Many employees are unaware of the federal laws that regulate inappropriate behavior that can occur in the workplace, such as sexual harassment. It is important to know what makes up sexual harassment and how does the federal law regulate it. This type of harassment can happen in various ways and the Supreme Court sees it as a sexual discrimination.
Types of sexual harassment
Title VII of the Civil Rights Act of 1964 establishes that there are two types of sexual harassment: quid pro quo and hostile work environment. The former takes place when someone in the workplace with apparent authority, such as a supervisor or manager, ends up withholding or conferring certain employment benefits or continued employment in return for a sexual favor. An example of this can be when an employee is forced to submit to certain sexual demands from his or her manager or he or she will be fired from their position or they will retain some benefits or payment.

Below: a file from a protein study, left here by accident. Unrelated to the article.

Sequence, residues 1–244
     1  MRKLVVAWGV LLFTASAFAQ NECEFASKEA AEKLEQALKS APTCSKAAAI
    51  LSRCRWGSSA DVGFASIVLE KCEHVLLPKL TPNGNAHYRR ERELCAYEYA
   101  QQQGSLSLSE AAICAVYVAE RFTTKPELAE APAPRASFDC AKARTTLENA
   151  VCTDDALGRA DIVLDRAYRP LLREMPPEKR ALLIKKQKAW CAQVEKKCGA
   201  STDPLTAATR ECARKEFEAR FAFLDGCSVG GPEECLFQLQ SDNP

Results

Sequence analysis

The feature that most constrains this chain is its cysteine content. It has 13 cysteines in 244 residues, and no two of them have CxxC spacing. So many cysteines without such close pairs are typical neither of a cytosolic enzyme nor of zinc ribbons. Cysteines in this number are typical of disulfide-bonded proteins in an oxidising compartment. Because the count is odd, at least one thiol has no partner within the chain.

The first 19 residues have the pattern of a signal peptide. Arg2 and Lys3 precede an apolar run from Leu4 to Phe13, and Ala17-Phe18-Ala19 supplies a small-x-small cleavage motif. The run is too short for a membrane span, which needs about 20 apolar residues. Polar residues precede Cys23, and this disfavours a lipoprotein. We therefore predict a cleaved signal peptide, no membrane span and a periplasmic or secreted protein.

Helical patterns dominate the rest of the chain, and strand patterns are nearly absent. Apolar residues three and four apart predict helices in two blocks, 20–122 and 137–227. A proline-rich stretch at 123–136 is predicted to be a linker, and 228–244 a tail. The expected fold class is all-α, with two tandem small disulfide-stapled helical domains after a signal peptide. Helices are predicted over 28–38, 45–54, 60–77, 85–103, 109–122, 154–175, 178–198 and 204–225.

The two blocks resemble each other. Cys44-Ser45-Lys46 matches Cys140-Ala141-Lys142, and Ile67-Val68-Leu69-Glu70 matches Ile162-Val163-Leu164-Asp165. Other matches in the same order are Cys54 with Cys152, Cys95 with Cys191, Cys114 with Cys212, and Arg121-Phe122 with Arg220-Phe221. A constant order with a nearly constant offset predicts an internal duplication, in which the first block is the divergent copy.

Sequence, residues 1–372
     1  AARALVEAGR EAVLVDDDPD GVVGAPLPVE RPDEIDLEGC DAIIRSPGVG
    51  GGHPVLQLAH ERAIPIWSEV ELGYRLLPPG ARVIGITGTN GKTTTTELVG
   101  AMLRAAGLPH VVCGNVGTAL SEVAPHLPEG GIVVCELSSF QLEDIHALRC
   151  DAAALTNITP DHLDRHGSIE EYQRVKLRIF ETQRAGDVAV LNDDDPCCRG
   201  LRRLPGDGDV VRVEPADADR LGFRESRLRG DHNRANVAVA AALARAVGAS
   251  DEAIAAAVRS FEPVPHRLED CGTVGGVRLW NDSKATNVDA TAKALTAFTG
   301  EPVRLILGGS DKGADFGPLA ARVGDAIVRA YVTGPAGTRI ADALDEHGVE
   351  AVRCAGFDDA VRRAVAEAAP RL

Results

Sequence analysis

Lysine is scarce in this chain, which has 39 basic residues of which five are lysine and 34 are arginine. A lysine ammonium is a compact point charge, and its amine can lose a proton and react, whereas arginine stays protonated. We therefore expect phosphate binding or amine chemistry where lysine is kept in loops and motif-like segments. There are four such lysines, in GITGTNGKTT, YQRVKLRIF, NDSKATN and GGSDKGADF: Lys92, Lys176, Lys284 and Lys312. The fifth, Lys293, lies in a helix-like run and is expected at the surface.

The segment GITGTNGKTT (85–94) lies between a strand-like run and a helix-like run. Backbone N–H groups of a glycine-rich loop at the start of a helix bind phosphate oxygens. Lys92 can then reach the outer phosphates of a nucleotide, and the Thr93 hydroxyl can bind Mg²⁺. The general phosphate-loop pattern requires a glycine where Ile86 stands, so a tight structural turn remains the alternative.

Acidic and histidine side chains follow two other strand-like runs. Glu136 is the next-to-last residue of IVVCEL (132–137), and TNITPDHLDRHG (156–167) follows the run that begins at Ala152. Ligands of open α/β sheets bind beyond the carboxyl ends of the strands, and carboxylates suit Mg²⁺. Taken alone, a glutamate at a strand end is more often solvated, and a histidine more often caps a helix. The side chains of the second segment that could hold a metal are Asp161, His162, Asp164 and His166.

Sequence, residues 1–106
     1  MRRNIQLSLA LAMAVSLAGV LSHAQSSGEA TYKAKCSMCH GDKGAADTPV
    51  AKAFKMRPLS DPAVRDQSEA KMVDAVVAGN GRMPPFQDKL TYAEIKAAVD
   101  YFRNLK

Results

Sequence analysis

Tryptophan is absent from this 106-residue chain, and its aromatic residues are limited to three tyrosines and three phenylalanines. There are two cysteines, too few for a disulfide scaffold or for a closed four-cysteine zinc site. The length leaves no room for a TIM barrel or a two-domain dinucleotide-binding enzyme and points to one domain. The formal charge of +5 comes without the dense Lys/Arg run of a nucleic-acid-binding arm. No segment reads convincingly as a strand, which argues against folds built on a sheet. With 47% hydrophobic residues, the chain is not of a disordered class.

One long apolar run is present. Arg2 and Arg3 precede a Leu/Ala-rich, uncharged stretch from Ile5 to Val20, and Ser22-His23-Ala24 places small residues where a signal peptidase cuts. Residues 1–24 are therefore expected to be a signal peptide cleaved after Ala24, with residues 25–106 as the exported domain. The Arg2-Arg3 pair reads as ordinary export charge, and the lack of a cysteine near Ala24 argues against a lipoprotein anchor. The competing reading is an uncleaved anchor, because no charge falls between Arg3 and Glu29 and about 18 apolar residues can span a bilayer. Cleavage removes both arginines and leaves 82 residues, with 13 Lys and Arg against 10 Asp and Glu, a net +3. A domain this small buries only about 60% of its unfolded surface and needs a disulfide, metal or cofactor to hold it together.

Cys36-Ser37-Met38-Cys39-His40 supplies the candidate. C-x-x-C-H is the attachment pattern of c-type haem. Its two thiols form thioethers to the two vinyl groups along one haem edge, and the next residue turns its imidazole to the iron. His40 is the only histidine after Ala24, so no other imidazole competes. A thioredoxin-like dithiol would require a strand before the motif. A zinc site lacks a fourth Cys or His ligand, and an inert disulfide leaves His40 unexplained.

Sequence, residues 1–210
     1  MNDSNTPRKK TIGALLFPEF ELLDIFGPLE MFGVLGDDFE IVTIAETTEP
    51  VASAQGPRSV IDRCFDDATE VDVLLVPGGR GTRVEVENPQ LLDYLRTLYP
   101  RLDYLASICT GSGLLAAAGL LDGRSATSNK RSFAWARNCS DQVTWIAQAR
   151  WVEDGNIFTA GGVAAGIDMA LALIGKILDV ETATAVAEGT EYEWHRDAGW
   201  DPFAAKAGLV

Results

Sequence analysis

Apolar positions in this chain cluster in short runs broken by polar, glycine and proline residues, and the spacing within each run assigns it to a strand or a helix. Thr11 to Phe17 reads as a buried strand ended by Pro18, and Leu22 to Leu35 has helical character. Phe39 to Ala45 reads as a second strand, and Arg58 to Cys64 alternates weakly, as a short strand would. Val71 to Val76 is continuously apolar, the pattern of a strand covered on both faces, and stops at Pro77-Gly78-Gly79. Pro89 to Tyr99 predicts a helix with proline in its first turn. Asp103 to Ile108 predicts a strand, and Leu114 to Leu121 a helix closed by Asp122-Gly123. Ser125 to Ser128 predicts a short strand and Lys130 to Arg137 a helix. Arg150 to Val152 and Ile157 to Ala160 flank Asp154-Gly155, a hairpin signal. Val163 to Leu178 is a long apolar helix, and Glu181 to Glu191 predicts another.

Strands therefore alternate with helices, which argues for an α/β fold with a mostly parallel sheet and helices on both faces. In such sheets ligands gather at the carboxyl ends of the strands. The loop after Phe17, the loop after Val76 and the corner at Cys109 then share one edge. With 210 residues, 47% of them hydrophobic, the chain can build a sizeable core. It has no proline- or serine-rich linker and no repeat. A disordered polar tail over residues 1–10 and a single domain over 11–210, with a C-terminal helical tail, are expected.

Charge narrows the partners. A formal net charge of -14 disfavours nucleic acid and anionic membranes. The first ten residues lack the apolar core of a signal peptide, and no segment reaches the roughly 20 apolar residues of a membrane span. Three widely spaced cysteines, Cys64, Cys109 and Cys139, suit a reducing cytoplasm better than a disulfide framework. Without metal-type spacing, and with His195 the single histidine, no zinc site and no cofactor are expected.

Hostile work environment happens when the victim endures sexually offensive behavior that alters the workplace into a place of hostility and abuse.
What rights exist?
Everyone has the right to work in a safe environment were no one should be subject to any kind of discrimination, whether it be based on race, sex or gender. Every employee also has the right to know to the workplace’s sexual harassment policy. If anyone happens to be a victim of sexual harassment, he or she has the right to speak against it and report the incident to HR or to the victim’s supervisor. If no proper measures can be taken by the employer, it is important to know that the victim can file charges with government agencies, such as EEOC.